Holders Spain strolled into the Euro 2012 semi-finals after two goals from Xabi Alonso on his 100th appearance secured a 2-0 victory over a listless France on Saturday.
Portugal’s Cristiano Ronaldo and Nani will surely give Spain more to think about than a limp France did in a match which, despite being between two of the powerhouses of European soccer, produced little incident or excitement.
Spain again played without a recognized striker, with Fernando Torres left on the bench, and their patient “Tiki Taka” soccer at times became little more than negative possession designed to cajole France into opening up.
At the other end, Spain goalkeeper Iker Casillas had just one attempt on goal to save as the world champions completed their eighth successive knockout game in a major tournament without conceding a goal.
“It is very difficult to create danger for them, they are so tough to beat, you have to be very clinical when you only get 30 to 35 percent of the possession,” France coach Laurent Blanc said.
The win was the first for Spain in a competitive match against France at the seventh attempt and it avenged their loss in the second round of the 2006 World Cup.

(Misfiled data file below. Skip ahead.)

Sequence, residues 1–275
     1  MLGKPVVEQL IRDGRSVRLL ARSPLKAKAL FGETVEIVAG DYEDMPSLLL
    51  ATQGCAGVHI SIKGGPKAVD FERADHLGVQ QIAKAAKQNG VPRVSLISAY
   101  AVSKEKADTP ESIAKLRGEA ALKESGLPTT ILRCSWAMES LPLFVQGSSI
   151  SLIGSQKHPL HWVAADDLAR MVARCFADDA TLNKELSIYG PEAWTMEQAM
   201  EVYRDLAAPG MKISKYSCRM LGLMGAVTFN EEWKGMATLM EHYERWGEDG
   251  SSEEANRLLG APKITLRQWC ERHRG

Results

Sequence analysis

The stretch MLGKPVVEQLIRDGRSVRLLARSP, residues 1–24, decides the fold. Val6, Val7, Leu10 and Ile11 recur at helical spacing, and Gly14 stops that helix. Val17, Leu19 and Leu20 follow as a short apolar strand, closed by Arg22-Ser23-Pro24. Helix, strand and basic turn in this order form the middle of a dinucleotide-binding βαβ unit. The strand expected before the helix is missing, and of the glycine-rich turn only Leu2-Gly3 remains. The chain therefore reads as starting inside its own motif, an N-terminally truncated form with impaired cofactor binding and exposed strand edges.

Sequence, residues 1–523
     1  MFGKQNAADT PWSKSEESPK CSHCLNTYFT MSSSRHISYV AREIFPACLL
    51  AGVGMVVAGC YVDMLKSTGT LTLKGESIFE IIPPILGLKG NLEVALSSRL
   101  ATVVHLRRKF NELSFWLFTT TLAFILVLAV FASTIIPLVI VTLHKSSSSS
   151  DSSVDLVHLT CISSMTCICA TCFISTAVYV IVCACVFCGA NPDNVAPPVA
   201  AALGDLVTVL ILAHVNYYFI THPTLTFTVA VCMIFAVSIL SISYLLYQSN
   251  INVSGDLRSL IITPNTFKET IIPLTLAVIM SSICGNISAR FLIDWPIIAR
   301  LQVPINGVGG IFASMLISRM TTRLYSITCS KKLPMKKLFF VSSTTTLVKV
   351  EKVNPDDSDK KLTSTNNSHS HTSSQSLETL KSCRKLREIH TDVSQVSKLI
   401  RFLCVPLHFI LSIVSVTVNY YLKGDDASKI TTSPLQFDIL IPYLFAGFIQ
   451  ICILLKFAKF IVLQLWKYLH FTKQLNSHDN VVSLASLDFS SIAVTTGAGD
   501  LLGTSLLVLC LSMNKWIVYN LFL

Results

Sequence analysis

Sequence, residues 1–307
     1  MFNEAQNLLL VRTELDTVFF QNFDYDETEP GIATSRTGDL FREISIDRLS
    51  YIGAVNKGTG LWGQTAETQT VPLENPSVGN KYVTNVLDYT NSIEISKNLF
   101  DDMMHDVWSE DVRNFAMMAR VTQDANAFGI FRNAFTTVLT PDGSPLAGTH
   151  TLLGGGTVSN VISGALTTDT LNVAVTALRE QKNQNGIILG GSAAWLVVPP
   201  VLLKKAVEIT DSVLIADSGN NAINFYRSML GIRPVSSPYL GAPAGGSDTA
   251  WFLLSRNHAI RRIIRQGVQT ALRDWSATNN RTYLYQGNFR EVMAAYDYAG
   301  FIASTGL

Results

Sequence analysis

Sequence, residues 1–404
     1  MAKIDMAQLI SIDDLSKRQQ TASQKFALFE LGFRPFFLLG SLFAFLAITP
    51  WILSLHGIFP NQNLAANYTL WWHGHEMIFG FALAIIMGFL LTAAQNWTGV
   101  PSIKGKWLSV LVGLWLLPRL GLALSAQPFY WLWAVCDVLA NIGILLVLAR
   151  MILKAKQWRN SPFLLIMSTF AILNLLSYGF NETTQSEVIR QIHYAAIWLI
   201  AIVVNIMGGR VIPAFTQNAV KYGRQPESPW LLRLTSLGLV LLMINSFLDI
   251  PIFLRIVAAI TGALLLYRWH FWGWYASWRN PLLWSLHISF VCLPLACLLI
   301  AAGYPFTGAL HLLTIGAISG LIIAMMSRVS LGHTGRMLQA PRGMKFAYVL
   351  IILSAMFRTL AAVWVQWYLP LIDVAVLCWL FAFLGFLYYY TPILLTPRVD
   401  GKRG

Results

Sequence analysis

Alonso gave Spain the lead in the 19th minute with a powerful header and made sure of the win with a stoppage-time penalty. In between, the world champions were content to keep the ball, often with little attacking purpose.
“We controlled the match well from start to finish and Iker hardly had a save to make. The important thing now is that we recuperate for the next game,” Spain coach Vicente del Bosque said.
France came into the tournament having apparently resolved the internal disputes that wrecked their 2010 World Cup campaign, but they leave with just a solitary win over Ukraine and they bowed out with a strange lack of determination.
Blanc set up his team in a defensive fashion, bolstering the right flank to try to contain Andres Iniesta.
Rightback Mathieu Debuchy was moved forward into midfield ahead of fullback Anthony Reveillere, while the defensive-minded Florent Malouda started in midfield in preference to Samir Nasri and Alou Diarra.
It was a logical, if negative, approach for Blanc to take, but it was only going to work if France succeeded in frustrating Spain for a long stretch.
Instead, Spain went ahead in the 19th minute and exactly from the side which Blanc had tried to lock down.
“We had analyzed the Spanish lineup well because they had two very strong players on the left, but what is the most frustrating thing is that we conceded the goal from that side,” Blanc said.
Iniesta fed the overlapping Jordi Alba, who got to the line and put in a deep cross that Alonso met with a powerful downward header.
France needed to find an attacking response, but they went in at halftime having managed only a curling free-kick from Yohan Cabaye, which Casillas pushed around the post.
After the break, Franck Ribery did well to create space for a rare cross which Debuchy headed over, but with no sign of change to the rather weary pattern of the game, Blanc brought on Nasri and Jeremy Menez just after the hour.
The expected creativity and urgency never really arrived, though, and a spiritless exit for France was confirmed when in stoppage-time Spain substitute Pedro was tripped by Reveillere and Alonso confidently converted the spot-kick.